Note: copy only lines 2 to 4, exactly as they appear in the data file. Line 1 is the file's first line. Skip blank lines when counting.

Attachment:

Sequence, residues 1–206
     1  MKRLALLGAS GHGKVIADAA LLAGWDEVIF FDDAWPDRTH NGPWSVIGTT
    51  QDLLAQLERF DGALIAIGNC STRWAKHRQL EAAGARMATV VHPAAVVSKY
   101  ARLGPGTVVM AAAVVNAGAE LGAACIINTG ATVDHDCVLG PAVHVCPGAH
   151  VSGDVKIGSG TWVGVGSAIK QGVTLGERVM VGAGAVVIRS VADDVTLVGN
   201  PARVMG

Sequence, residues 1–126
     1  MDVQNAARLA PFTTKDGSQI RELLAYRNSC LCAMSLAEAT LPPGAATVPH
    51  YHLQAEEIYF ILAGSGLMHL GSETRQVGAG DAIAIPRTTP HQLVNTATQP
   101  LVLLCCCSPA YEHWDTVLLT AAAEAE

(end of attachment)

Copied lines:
     1  MKRLALLGAS GHGKVIADAA LLAGWDEVIF FDDAWPDRTH NGPWSVIGTT
    51  QDLLAQLERF DGALIAIGNC STRWAKHRQL EAAGARMATV VHPAAVVSKY
   101  ARLGPGTVVM AAAVVNAGAE LGAACIINTG ATVDHDCVLG PAVHVCPGAH